32BJ Building Service Workers in NYC Refuse to Surrender Healthcare Benefits; Authorize Strike

New York, NY – Building handyman Stephen Yearwood made it through the worst of Covid-19 before a late-stage variant of the virus broke through his vaccine defenses just a little while ago, and sent him into 10-day isolation. He was lucky. Forty of Yearwood’s 32BJ union brothers and sisters died during the pandemic’s height. Hundreds more got sick. 

The looming prospect of having to surrender essential healthcare benefits already won at the bargaining table in the wake of such a tragedy has convinced 32BJ members to authorize a strike a week before their current contract with the Realty Advisory Board — the body charged with negotiating collective bargaining agreements on behalf of building owners — expires on April 20. 

“We have healthcare and we have no intention of compromising our healthcare,” Yearwood told LaborPress during a massive Park Avenue union rally stretching from East 79th to East 83rd on Wednesday, April 13. There are things we already won — we don’t want to have that kind of conversation with them.”

Ricardo Duchanan is a 32BJ member who works as a building handyman in Harlem. He’ll be 66-years-old next month. Like Yearwood and the rest of his union brothers and sisters, Duchanan stayed on the job through the darkest, most uncertain days of the Covid-19 pandemic, becoming lifelines to the building tenants they serve. 

“Nobody wants to strike — but if need be, we’ll strike in a heartbeat if necessary,” Duchanan told LaborPress. “Here in America, the cost of living is getting higher — and the cost of healthcare is getting higher, too. We need reasonably-priced healthcare. Working people are treated unfairly. I’m hoping that we can come to an agreement. But if we can’t, I’m prepared to stand with my brothers and sisters. If we’ve gotta strike — we will.”

The union’s building service workers haven’t walked off the job since 1991. Indeed, thirty years of “labor peace” is something the heads of the Realty Advisory Board enjoy touting. 

32BJ President Kyle Bragg, anticipated healthcare would be a major bone of contention — pandemic or not — at the start of current contract negotiations in March. 

“We expect healthcare and wage increases to be front and center at the bargaining table,” Bragg said. “As many residents in New York worked from home, our members continued to go to work and provided essential services that made remote work possible — and that’s because our members are no strangers to a challenge. They have worked through multiple crises in this city — from 9/11 to hurricanes and natural disasters. This pandemic was just the most recent challenge that our members have overcome. And, it has shown how essential our members are to the character and success of New York.”

Building owners claim the pandemic has dinged their pocket books and they want their employees to “share” healthcare costs. But that’s a nonstarter for 32BJ, the largest property service workers union representing 175,000 members across 12 states.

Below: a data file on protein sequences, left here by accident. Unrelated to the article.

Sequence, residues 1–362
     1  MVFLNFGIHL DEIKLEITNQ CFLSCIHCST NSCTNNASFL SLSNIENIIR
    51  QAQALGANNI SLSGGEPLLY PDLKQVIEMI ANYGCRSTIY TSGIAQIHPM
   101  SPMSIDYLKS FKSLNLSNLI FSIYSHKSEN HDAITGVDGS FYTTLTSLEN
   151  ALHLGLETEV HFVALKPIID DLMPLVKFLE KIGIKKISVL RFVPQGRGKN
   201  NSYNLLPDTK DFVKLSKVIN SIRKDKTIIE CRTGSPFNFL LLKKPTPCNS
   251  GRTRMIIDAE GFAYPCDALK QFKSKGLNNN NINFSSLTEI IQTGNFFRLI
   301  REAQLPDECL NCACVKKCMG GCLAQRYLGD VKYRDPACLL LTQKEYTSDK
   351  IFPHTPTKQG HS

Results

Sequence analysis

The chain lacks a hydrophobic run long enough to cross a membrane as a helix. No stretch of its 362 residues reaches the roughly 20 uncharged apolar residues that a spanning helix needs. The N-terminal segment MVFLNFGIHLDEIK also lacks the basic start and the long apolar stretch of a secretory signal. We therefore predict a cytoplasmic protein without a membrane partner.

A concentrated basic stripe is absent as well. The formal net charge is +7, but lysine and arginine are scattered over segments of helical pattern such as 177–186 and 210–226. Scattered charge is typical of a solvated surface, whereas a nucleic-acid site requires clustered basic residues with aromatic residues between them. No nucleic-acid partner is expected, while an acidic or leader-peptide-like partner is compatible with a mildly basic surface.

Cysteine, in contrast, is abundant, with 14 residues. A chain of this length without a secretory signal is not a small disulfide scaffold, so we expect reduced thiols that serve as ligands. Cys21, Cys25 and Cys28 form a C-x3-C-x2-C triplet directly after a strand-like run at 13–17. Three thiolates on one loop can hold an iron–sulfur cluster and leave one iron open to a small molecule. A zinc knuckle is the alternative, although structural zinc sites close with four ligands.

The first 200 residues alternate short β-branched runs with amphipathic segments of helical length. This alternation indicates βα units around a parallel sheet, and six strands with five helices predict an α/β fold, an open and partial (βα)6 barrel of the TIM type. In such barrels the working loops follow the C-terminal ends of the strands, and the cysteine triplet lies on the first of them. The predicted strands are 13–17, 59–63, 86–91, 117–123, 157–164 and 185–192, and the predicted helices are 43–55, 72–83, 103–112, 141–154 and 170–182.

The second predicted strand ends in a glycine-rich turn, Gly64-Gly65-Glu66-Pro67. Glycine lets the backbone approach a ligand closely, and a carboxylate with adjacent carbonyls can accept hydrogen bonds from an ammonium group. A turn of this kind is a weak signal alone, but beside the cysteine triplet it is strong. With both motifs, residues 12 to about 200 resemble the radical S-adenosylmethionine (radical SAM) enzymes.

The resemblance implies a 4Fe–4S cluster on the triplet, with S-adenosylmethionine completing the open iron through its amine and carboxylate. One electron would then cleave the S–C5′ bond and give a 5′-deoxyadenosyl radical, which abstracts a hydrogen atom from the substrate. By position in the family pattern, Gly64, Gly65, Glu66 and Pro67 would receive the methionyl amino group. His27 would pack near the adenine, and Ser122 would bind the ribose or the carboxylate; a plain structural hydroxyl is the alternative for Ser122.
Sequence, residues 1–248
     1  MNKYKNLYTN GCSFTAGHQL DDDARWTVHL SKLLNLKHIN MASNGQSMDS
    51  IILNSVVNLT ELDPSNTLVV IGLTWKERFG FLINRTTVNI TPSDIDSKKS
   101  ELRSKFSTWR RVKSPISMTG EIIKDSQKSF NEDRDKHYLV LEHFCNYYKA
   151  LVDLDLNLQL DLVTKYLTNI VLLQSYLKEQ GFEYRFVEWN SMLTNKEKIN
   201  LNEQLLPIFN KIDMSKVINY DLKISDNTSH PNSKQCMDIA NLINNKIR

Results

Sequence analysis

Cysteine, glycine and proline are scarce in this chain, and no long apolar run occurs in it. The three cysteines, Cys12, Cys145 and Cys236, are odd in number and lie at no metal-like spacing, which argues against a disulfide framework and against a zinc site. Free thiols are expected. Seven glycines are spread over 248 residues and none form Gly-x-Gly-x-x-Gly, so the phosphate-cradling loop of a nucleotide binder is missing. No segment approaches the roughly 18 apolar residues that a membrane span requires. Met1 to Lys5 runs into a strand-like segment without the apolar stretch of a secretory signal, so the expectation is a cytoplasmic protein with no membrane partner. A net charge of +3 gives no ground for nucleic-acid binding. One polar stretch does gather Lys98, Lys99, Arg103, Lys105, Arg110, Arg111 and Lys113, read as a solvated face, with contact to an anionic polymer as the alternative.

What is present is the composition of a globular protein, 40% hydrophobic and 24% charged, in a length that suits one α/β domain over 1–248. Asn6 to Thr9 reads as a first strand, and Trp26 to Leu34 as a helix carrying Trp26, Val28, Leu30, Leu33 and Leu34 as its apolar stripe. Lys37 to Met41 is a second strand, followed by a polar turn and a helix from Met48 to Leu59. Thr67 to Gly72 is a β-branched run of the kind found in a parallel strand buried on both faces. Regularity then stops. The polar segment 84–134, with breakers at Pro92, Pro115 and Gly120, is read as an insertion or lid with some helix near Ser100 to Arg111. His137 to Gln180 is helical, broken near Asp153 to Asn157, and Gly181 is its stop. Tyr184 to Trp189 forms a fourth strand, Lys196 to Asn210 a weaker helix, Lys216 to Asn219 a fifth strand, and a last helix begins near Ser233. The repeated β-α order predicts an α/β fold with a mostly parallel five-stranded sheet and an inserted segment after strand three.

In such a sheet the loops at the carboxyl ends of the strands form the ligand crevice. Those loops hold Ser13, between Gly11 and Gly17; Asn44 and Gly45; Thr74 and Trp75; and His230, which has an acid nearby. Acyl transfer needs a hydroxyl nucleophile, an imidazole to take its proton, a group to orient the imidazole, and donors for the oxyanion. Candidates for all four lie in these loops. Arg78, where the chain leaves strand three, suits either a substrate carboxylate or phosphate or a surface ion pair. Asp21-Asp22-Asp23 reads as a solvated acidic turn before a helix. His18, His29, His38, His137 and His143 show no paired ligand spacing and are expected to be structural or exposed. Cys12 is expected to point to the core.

“The building owners want us to take money out of our paycheck to pay for healthcare every month, whether we use it or not,” Bragg said on Wednesday. “We will not stand for premium sharing and we will not stand for anything that disrespects the time and work our members have given over the past two years. We’ve had to fight for every single thing we have in our union contract: paid days off, health care, workplace protection, a pension. This is no exception.”

The drive to push healthcare costs onto 32BJ porters, door attendants, superintendents, concierges and handypersons predates the pandemic. 

Back in 2019, as a New York City Council Joint Health & Hospitals Oversight Committee was about to convene a hearing on exploding healthcare costs, 32BJ Secretary-Treasurer and Health Fund Trustee Larry Engelstein said, “Every time we go to the bargaining table on behalf of our members, [healthcare] is the central issue we have that may lead to strikes in our industry.”

Indeed, one of the main contributing factors to the three decades of “labor peace” New York City building owners have enjoyed has been 32BJ’s willingness to hit the streets and strike. 

“And when the time comes for the contract to expire — if we don’t have a contract, we will be ready to strike,” late 32BJ President Hector Figueroa told hundreds of members rallying outside Bryant Park in June 2019. “This is about our families, this is about our lives, this is about the dignity of being a worker in this union.”

Real Estate Advisory Board head Howard Rothschild downplayed the threat of a strike, saying the authorization vote “happens every four years.”

“It simply allows 32BJ the option to strike, should we be unable to reach an agreement,” he said in a statement this week. “The RAB has proposed fair and reasonable wage increases, as well as the sharing of healthcare costs through employee contributions to the premiums, of which employees currently pay zero.”

Yearwood, a member of 32BJ’s current bargaining committee, started out his union career back in 1981 as a porter. Since then, he said the union’s training fund has allowed him to study electrical work and plumbing. 

“I would like to be optimistic about [averting a strike] and I do hope we will be able to come to a compromise,” he told LaborPress. “But we want to maintain what we have because we were the ones putting ourselves on the line [during the pandemic].”





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